The Reagan administration's latest effort to protect the troubled US steel industry is expected to cost West Europeans more jobs and profits. Yet few experts here believe that the decision heralds a return to protectionism in the United States - a dangerous trend that would almost certainly spread to other countries and threaten, even halt, economic recovery.
Washington's decision to impose new tariffs and quotas on imports of specialty steel, announced July 5, has been vigorously protested by the countries most affected: West Germany, France, Britain, Italy, Japan, and several other steel-producing nations.
Last week foreign ministers from the 10 European Community countries took the lead. After a meeting here, they declared that not only were the import-restricting measures incompatible with commitments made at the Williamsburg summit meeting to begin dismantling trade barriers as recovery began, but that under international trading rules the EC would seek ''compensation.'' This compensation, which it says it expects to win, would take the form of lower tariffs on other EC products exported to the US market.
But despite this reaction, analysts here warn of a need to keep the US move in perspective.
The European steel affected by the new US tariffs and quotas (about 90,000 metric tons a year) sells for about $150 million. This represents less than one-quarter of 1 percent of all trade conducted between the Community and the US last year.
Trade analysts, moreover, point to the virtually uninterrupted rise in overall EC-US trade since the Community was formed 26 years ago. Only in 1980-81 did it decline - and then only slightly. Last year, total trade between the US and the Community reached a record $85 billion, up 10 percent over 1981.
Some trade experts note that despite warnings of creeping protectionism, the state of EC-US trade relations in many ways reflects the wider world scene. Even during the recent sharp recession, world trade has continued to grow - or at least to hold its own.
''Warnings of protectionism have spread,'' said one EC official, ''but protectionism itself has not.''
According to the Geneva-based world trade watchdog, the General Agreement on Tariffs and Trade (GATT), the volume of trade in the world rose between 1973 and 1981 by an average of 4 percent a year, despite two oil-price shocks and the current recession. This compares poorly with the 8.5 percent average annual growth in the 1963-73 period. But it is still remarkable.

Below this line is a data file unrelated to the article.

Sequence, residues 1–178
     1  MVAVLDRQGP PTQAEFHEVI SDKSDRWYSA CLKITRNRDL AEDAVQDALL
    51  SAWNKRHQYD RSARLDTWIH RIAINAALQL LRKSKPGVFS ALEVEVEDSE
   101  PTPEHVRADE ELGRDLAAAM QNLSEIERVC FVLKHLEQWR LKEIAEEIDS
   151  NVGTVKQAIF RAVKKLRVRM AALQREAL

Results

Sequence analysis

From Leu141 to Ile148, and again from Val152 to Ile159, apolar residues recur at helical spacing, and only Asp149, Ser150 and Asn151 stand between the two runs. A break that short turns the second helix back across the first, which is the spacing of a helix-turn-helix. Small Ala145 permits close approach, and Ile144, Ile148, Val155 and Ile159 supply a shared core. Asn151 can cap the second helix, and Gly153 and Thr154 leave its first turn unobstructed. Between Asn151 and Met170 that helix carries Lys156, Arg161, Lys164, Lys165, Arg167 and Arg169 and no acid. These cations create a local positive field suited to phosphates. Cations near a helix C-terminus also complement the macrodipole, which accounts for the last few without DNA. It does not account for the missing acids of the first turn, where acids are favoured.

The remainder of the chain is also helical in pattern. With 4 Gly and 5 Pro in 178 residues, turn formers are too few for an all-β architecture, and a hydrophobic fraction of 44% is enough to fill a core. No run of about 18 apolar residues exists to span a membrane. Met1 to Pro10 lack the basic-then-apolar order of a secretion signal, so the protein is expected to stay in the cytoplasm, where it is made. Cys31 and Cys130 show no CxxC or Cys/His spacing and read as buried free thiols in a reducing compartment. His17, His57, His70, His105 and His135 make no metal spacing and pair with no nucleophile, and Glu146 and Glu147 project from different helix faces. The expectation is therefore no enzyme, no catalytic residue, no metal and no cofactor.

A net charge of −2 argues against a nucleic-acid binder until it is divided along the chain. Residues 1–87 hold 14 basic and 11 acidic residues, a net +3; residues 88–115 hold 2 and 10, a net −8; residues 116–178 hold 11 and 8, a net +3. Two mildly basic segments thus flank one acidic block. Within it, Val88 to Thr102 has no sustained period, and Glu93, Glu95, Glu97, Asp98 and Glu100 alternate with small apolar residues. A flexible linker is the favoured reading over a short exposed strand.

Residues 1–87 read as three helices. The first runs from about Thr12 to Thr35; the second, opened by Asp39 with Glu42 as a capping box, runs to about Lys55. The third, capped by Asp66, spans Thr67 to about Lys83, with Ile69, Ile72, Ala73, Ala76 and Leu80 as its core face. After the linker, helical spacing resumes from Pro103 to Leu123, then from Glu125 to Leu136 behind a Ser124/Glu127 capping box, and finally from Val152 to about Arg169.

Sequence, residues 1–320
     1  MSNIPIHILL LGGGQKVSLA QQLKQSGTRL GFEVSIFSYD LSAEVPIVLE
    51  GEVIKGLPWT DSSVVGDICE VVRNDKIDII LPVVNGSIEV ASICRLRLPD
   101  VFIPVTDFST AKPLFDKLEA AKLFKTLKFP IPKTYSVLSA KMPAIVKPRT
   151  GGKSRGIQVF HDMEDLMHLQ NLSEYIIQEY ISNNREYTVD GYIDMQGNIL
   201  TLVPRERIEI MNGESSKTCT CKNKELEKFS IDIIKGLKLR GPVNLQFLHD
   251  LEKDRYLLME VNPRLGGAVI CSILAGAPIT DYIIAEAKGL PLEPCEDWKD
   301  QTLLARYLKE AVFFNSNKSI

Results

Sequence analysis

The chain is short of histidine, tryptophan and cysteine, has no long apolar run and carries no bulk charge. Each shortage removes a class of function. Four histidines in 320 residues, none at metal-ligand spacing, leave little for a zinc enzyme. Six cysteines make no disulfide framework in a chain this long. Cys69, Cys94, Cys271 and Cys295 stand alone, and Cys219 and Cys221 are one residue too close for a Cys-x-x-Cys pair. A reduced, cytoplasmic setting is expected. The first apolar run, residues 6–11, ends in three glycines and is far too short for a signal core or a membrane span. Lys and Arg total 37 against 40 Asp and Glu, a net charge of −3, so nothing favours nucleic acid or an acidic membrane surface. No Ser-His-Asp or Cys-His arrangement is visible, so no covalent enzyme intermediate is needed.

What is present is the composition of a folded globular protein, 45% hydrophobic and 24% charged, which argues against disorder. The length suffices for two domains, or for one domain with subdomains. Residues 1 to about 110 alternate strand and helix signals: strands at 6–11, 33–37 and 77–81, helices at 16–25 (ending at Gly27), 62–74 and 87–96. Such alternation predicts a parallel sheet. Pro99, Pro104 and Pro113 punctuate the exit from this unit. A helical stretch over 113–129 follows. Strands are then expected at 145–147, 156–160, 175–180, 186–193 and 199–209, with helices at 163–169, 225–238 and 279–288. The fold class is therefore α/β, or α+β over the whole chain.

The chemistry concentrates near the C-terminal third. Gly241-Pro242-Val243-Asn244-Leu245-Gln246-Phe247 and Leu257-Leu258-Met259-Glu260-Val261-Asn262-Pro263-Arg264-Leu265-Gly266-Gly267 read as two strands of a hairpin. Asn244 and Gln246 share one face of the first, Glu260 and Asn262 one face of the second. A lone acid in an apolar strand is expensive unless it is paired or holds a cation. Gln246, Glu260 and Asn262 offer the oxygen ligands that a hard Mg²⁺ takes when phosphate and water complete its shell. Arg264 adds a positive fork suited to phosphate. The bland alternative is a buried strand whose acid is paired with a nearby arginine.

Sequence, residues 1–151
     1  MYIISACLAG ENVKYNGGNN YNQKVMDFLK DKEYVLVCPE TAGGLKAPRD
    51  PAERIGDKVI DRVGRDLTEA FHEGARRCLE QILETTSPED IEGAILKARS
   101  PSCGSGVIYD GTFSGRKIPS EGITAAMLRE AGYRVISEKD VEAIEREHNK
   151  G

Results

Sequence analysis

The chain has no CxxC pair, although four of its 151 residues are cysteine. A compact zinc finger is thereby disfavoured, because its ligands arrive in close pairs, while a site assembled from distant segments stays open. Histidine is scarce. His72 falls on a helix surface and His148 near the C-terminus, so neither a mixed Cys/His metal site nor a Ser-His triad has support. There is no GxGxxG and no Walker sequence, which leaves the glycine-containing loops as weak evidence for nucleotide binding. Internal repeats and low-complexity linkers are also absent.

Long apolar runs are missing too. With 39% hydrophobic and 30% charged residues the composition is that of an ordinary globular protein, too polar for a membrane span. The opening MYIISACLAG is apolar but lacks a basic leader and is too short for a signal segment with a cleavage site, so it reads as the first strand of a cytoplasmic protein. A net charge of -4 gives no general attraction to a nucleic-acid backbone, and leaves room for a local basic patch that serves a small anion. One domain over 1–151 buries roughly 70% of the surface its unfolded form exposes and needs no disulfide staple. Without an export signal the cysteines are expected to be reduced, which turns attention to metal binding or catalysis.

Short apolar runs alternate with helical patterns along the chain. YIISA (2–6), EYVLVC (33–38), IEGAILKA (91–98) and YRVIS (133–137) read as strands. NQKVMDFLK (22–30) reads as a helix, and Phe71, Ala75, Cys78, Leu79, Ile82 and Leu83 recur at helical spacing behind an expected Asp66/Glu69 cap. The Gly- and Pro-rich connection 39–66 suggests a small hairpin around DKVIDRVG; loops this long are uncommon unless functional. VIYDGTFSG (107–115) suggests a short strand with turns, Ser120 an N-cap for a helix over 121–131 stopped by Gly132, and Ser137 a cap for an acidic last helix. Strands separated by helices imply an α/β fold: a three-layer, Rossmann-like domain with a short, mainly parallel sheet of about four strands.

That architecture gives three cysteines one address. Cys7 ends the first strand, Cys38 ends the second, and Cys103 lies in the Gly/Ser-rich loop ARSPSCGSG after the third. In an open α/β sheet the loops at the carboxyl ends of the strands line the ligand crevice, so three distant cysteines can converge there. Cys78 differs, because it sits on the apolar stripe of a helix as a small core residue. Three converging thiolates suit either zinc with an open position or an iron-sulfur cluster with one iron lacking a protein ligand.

Several months ago, GATT announced with some fanfare that world trade had declined in 1981-82 (by an estimated 2 percent) for the first time since 1975 and for only the second time since 1963. A closer look at what really happened, however, only underscores the fact that protectionism has not taken hold.
While total trade declined in 1981-82, trade in farm products actually increased by 1 percent. Gains in that sector were offset, however, by a slight drop in trade in manufactured goods and, more important, a severe drop (of 7 percent) in ''minerals'' - i.e., crude and refined oil.
In the coming months, politicians and others will continue to warn against the dangers of protectionism even as suffering domestic industries clamor for more of it. But few countries will succumb to the pressure, experts agree. They point out that too much rests on healthy trade for governments to throw its economic benefits away by erecting barriers to imports - barriers that would be easier to erect than to tear down.
Last to move toward protectionism will be the US and the EC - the world's largest trading blocs. For the EC, lost trade would be particularly damaging. The Community is the world's largest exporting power, with sales outside the bloc representing nearly 20 percent of all world exports. Together, exports and imports are the equivalent of one-quarter of the Community's gross national product, that is, total output of goods and services. The figure for the US is nearly 20 percent.
Last week Sir Geoffrey Howe, the British foreign secretary, said that conversations with administration officials in Washington earlier this month had convinced him that a ''lurch'' toward protectionism was not foremost in the minds of US officials.
''The Americans did emphasize,'' he said, ''that it (the imposition of new tariffs and quotas on specialty steel) was a single action in relation to a single proposition.''